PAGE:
- 2 analog pins input for 2 of the multiplexers
- 1 digital pin input for the 3rd multiplexer
- 7 additional digital pins input connected directly to switches (i.e. not multiplexed)

So - all digital pins except pins 0 & 1 plus 2 analog pins. I'm reading a total of 26 potentiometers and 26 switches.

Quote
What kind of power source are you using?

USB (either directly to the computer or through a powered hub - both ways have experienced problems).

Quote
This problem happened before, or it's the first time it happens?

The 3 examples I mentioned in my original post happened on three different occasions spanning a matter of months. I haven't been using it a lot lately so I don't have a huge sample set. Strangely, I don't think I've ever experienced problems at home, only when I'm on the road (of course it's natural that it will only go down at a gig...). Most of the time it works just fine, but when it goes weird only re-uploading the sketch seems to fix it.

Thanks for your help.
7  Forum 2005-2010 (read only) / Bugs & Suggestions / Losing Sketch - Vague but True on: April 12, 2008, 12:22:17 pm
I'm having frequent problems with the sketch getting corrupted or something. I have an Arduino connected to several multiplexers for a box of knobs and switches that control a Max/MSP patch. Here's what happens:

Normally, it works fine. If it works for the first minute or two it will continue to work.

However, several times, something has happened to make it act strange. It might work for a minute or two, but then goes kaput. To further complicate matters, the way in which it goes awry has varied:

- nothing worked - i.e. it wasn't sending the serial data at all (in fact, this time I had trouble connecting to it at all although eventually I managed to get the IDE to re-upload the sketch)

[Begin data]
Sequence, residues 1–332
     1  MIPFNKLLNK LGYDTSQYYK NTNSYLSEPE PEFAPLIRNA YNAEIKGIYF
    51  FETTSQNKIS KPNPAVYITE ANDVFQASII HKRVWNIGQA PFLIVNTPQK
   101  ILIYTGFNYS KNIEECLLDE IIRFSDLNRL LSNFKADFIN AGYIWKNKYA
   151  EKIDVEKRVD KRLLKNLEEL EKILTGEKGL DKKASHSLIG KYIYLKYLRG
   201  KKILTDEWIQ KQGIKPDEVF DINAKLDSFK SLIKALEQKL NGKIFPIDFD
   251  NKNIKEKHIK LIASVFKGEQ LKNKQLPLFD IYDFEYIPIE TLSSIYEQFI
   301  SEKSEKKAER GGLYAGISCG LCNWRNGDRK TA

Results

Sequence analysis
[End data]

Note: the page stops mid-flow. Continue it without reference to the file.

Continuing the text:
- it sent data, but the knobs were all mixed up (mapped to the wrong value)

- it caused Max/MSP to have a stack overflow

In all cases, re-uploading the sketch caused it start functioning normally.

Here's the system:
Older Arduino with ATMega8
Mac OS 10.4
Max/MSP 4.5

Any ideas on what could be happening?

Thanks.



8  Forum 2005-2010 (read only) / Exhibition / Re: Arduino as Capacitive Sensor on: April 18, 2008, 02:08:55 pm
P.P.S - Well, I just figured something out. If I reverse the order of the HIGH-to-LOW and LOW-to-HIGH transition sections, I get much smoother results. Still not quite as smooth as without the multiplexer, but I'm more optimistic about getting this to work.

Any further thoughts would still be appreciated.

Thanks.
9  Forum 2005-2010 (read only) / Exhibition / Re: Arduino as Capacitive Sensor on: April 18, 2008, 12:28:43 pm
P.S. Thanks for sharing this cool technique!
10  Forum 2005-2010 (read only) / Exhibition / Re: Arduino as Capacitive Sensor on: April 18, 2008, 12:23:18 pm
I have a question about adding more capacitive touch sensors through a multiplexer. I'd like to add a bunch more sensors providing continuous data (i.e. not digital on-off buttons). The tests I've made make me concerned that I won't be able to get smooth, consistent data when reading this through a multiplexer (MC14067). I understand that with wires dangling and a breadboard one can pick up stray capacitance so it's not the best test but my tests have led me to be concerned anyway and I thought I'd ask if anyone can confirm the possibility (or impossibility) of this technique before I go through all the effort of getting a PCB made.

Here's the situation:

1) Connecting a sensor and the resistor directly to the Arduino pins produces smooth, continuous data as my finger moves across the sensor (as long as there's some insulation over the copper - scotch tape has worked fine for my prototypes).

2) Connecting the sensor and resistor into a breadboard and then on to the Arduino also produces smooth, continuous values (though slightly different than number 1).

3) Connecting the pins through a multiplexer to read multiple sensors produces approximately accurate results but the values jump around a bit. That is, it won't be completely random but with a constant finger position it will jump back and forth within a small range. Too much change to use smoothing in the code I think.


The fact that both 1 and 2 work well leads me to believe that it's the multiplexer, not the breadboard/dangling wires that is causing the problem.

Anyone have any thought on how/if this setup could work?

Thanks.